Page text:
All design, whether PowerPoint deck, website, software, product, operating model, or Thanksgiving dinner, is an effort to deliver experience. Experience can range from bad to good to exceptional and where you land along that range depends on how well the designer understands their audience need. When design fails end-user need: We waste time, We waste effort, Frustration builds, and Trust is lost A User Story creates better understanding. Before development starts, a user-story and a user story map provides design a view of user journey to solution. User Story Mapping, as a software development tool, aims to focus design teams on users and user needs. But you say “I am not a software designer?” and I say, “everything we do is design, read on friend”. Any effort to improve design is a wise investment for: Trainers, Organization development, Communications, Marketing, and Beyond In short, this is …
Dumb, data-driven decisions happen when numbers have no context and people have no confidence. Who? How? and So now what? improve the odds.
When innumerates run the asylum, you, your customers, and your business miss context and transparency to interpret intent.
New conditions demand new business management strategy. Technology enabled a disruption greater than any department or team level at a company can solve.
Customers severed the business message and took control of marketing channels.
Media lost privilege, marketers lost their minds, business lost their playbook, and customer’s rewrote the rules of engagement.
We need to reengineer marketing from the outside in and then align people, process, and technology from the inside out.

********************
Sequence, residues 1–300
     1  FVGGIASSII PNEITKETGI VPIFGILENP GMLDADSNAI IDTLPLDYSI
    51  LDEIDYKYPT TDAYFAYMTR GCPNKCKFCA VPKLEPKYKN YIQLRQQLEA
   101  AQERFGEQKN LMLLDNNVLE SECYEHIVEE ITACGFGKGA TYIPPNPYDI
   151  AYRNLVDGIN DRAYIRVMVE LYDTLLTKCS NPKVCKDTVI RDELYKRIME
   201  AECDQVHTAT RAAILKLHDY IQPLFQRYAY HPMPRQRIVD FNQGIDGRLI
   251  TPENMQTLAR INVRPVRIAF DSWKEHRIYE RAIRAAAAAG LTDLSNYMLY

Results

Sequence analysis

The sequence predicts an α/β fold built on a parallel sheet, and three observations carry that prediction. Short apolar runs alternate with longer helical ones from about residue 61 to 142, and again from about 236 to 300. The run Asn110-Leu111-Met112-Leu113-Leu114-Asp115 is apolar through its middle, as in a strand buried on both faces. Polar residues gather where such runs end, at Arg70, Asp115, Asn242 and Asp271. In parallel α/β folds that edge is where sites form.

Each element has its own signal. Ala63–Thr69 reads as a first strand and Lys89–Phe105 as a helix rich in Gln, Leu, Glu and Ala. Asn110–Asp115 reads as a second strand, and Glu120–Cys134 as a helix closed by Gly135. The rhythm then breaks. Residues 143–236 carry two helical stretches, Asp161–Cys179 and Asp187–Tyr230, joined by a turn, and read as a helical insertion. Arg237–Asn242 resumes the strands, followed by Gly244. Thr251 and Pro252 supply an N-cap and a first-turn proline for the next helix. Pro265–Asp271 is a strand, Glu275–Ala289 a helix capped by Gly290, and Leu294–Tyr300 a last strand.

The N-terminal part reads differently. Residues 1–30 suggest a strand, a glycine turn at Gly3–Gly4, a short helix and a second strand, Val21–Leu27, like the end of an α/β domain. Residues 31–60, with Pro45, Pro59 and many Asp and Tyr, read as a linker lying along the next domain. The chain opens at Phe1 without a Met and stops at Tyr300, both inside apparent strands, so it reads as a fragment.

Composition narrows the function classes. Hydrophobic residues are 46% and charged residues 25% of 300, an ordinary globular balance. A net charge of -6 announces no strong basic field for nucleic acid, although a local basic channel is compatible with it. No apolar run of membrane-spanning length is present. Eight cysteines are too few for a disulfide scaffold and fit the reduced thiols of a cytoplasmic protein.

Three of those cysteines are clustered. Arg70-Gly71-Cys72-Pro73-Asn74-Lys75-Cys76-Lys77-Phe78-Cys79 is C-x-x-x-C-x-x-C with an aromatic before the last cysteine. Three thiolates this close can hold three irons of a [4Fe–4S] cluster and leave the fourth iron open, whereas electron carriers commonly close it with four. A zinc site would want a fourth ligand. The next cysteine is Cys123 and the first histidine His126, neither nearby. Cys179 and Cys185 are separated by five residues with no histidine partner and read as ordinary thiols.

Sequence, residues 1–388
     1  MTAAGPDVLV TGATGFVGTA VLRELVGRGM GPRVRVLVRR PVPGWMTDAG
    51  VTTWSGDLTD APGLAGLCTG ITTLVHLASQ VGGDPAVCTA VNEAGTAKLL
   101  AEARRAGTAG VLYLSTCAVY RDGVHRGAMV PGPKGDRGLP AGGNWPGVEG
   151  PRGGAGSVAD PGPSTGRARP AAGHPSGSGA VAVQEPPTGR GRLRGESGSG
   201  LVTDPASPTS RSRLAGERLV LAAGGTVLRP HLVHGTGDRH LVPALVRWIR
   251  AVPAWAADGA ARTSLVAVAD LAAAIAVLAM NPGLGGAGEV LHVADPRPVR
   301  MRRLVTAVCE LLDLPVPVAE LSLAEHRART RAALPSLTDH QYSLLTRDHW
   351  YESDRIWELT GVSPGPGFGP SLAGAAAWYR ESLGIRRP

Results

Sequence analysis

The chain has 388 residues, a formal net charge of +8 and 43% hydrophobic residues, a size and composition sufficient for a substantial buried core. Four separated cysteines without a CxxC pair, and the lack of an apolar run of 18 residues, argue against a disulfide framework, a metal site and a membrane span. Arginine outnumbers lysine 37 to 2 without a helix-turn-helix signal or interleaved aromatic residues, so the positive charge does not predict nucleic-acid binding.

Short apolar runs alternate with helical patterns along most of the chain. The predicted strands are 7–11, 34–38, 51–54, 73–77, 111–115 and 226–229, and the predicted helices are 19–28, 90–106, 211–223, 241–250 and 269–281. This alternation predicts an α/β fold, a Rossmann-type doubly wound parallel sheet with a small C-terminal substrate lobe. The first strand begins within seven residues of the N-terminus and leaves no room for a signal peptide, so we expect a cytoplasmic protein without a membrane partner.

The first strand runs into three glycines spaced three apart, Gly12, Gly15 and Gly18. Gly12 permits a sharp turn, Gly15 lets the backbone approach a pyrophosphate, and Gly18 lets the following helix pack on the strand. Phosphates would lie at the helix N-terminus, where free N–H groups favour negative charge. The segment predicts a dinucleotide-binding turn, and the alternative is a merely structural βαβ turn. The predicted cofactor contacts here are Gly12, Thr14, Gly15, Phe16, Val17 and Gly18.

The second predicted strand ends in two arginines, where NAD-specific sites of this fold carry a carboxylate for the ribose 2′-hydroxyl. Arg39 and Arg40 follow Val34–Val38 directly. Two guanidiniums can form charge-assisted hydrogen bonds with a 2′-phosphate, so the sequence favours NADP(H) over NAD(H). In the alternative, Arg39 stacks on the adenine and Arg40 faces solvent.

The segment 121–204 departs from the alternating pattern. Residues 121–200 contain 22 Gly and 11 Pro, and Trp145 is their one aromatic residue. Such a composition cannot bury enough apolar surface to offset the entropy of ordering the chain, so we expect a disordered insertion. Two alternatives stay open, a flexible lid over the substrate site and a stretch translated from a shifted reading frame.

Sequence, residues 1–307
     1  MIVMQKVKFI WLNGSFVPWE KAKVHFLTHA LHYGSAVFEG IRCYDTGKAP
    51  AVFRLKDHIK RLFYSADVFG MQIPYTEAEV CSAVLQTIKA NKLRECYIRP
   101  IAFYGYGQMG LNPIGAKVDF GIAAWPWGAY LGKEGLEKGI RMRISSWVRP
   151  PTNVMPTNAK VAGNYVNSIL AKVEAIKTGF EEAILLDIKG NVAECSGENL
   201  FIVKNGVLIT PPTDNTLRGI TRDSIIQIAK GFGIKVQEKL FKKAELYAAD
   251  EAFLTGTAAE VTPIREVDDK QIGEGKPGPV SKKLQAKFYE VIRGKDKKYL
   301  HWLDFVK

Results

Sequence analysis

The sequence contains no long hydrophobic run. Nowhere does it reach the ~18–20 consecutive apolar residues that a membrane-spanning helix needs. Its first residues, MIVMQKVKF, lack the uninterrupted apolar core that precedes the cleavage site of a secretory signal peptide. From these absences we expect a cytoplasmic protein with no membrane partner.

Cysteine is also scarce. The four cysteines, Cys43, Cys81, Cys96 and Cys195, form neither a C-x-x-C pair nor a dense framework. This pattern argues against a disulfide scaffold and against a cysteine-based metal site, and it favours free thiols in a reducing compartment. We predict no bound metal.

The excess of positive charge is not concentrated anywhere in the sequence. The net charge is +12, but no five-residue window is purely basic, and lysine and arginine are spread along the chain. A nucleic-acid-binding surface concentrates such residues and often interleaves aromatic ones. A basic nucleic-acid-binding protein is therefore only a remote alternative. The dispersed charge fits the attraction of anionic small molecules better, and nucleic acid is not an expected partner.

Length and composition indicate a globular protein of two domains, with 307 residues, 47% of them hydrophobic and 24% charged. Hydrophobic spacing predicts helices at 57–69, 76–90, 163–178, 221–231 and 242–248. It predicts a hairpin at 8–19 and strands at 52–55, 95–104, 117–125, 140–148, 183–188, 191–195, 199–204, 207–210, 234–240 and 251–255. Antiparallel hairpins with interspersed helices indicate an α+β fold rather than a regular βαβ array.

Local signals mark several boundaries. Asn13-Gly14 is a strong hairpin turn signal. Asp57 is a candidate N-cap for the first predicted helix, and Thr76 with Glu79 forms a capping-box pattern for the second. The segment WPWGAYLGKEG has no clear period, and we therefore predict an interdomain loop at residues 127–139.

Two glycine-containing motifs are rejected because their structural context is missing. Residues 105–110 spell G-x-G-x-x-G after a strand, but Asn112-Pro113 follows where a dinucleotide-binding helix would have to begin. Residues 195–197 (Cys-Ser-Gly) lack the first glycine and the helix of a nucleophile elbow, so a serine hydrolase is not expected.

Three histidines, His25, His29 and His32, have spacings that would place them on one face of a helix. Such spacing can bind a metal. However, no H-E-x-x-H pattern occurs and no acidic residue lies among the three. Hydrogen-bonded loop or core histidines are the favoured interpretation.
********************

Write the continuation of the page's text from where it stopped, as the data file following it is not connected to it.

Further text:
The CMO 2015 Social Landscape partnered with Aberdeen Group to create a new chart and new evaluation criteria.
New social sites since arrive all the time, did your organization invest in Pinterest? Google+?
They might be an easy, what of Qzone? Plurk? or KakauTalk?
Now with Aberdeen Group research links you can find out what the heck to allot the VK budget.
How to get control of your social media self is a topic that, for some, seems to mean there is a set of rules, or a prescription to follow, that will make it easy and deliver instant results, fame, and fortune.
Well, like losing weight or learning a skill, there are no social media shortcuts.
Those transparent about their lifelong learning come to manage their social media identity and support others in a virtuous giving, learning, providing, receiving cycle.
Learn to manage your social media identity faster and have more fun with this list of infographics and checklists from other’s shared experiences.
In social media you get back what you give out.